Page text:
"Comes with much improved gitk, with i18n; comes with git-gui 0.9.2 with i18n; progress displays from many commands are a lot nicer to the eye; rename detection of diff family while detecting exact matches has been greatly optimized; 'git diff' sometimes did not quote paths with funny characters properly; various Perforce importer updates; 'git clean' has been rewritten in C; 'git push' learned --dry-run option to show what would happen if a push is run; 'cvs' is recognized as a synonym for 'git cvsserver', so that CVS users can be switched to git just by changing their login shell; 'git add -i' UI has been colorized; 'git commit' has been rewritten in C; 'git bisect' learned 'skip' action to mark untestable commits; 'git svn' wasted way too much disk to record revision mappings between svn and git, a new representation that is much more compact for this information has been introduced to correct this; in addition there are quite a few internal clean-ups."
In a recent lkml thread, the idea of getting the entire Linux kernel history into a git repository was discussed. Linus Torvalds noted, "I actually tried to get something like this together back in the BK days and early in the SCO saga. It was pretty painful to try to find all the historic trees and patches - they're all in different format, and some of them are unreliable." He added, "I've been thinking about trying to re-create some really old history into git, but it's still a lot of work.. And obviously not very useful, just interesting from an archaeological standpoint." Much information on early Linux kernels is gathered at oldlinux.org, and Linus already has the full 2.5.0 to 2.6.12-rc2 history imported from BitKeeper available in git. Linus went on to talk about why git is better suited than BK was for building a complete kernel history:
"The good news is that git would be a lot more natural to the process of trying to create a history, because you could basically import random trees, and tag them as just independent trees, and then re-create the history after-the-fact by trying to stitch them all together. And if you find a new tree, you'd just re-stitch it - something that was very hard to do with BK (and BK generally wouldn't help you with keeping multiple independent trees around, and wouldn't generally accept the notion of re-doing the histories and keeping various versions of the histories around)."
Petr Baudis announced the creation of a homepage for git, the directory content manager used to manage the Linux kernel. Git was originally written by Linus Torvalds in early April of 2005 [story], and is now maintained by Junio Hamano [story]. Other online resources available for the tool include a tutorial that walks through the process of setting up and using git, a man page, and the gitweb interface providing easy browsing of the many kernel trees managed by git. The new webpage explains:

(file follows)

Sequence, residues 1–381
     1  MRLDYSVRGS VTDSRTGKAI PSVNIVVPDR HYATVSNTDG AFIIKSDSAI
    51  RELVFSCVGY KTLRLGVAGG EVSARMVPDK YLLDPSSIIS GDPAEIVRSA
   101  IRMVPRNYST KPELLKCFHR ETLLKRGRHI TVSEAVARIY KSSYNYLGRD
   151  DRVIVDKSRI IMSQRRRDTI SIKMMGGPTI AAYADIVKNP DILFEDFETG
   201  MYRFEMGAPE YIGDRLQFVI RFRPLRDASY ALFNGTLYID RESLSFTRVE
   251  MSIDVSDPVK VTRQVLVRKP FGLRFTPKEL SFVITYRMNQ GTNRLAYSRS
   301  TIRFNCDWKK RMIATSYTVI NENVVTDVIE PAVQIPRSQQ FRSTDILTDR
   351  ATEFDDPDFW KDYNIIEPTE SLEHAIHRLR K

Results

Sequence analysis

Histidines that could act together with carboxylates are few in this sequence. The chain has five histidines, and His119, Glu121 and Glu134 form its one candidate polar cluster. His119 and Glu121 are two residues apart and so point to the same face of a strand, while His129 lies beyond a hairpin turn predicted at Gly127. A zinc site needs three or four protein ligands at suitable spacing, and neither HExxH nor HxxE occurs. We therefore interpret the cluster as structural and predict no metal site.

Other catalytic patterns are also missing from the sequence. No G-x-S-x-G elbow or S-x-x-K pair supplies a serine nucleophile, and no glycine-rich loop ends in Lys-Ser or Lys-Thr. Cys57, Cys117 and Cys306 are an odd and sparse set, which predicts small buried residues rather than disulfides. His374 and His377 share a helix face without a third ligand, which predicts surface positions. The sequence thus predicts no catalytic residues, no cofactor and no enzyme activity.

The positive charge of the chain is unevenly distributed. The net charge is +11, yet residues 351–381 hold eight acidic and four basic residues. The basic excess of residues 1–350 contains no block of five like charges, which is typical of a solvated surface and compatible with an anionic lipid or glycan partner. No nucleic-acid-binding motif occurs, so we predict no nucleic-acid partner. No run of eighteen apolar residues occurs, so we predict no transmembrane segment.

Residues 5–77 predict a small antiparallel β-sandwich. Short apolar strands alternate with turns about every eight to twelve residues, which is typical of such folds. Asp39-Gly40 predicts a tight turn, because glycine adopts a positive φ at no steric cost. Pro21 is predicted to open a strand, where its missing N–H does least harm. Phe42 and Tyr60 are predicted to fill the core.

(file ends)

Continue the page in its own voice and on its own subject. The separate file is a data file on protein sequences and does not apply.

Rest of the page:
"GIT falls into the category of distributed source code management tools, similar to Arch or Darcs (or, in the commercial world, BitKeeper). Every GIT working directory is a full-fledged repository with full revision tracking capabilities, not dependent on network access to a central server."
The git directory content manager was born in early April of 2005 [story], less than a week after the announcement that BitKeeper would no longer be available free of charge to kernel developers [story]. The tool was originally written by Linux creator Linus Torvalds, and rapidly evolved with the help of an active developer community which Linus repeatedly noted he hoped would eventually take over [story]. A scant two months after development on the tool began, the 2.6.12 kernel was released, managed by git [story].
Now, Linus has announced that Junio Hamano is the new git maintainer. "I always said I didn't really want to maintain it in the long run," Linus explained, "and maybe some of you thought I was just saying that, especially as the weeks dragged out to over three months, but hey, that's just because this thing ended up being a bit bigger and more professional than I originally even envisioned." He went on to note that Junio was the obvious choice, and that this change means he will be able to return his full focus to the Linux Kernel mailing list.
Junio thanked those involved, described his development methods, and discussed the upcoming 1.0 release. Regarding 1.0, he suggested that all features are in, and that he is primarily looking for bugfixes and documentation updates. Following the announcement, Ryan Anderson posted an updated "Git 1.0 Synopis", a brief overview of the tool and its features. His document begins, "Git, sometimes called 'global information tracker', is a 'directory content manager'. Git has been designed to handle absolutely massive projects with speed and efficiency, and the release of the 2.6.12 and (soon) the 2.6.13 version of the Linux kernel would indicate that it does this task well."
Nearly three and a half months since the last stable release, Linus Torvalds announced the availability of version 2.6.12 of the Linux Kernel. He notes that the changes since -rc6 are minimal, "as you can see from the appended diffstat, most of the things are pretty small (ie it looks like a long list, and then you look at the diffstat and realize that most of the changes end up being just a line or two)." He adds, "one of the least important changes is still worth pointing out," talking about the recent update to the Developer's Certificate of Origin [story]. "The sign-off procedure was clarified to make it clear that the person signing off understands that the project - and thus the patch and the sign-off itself, of course - is public and will be archived."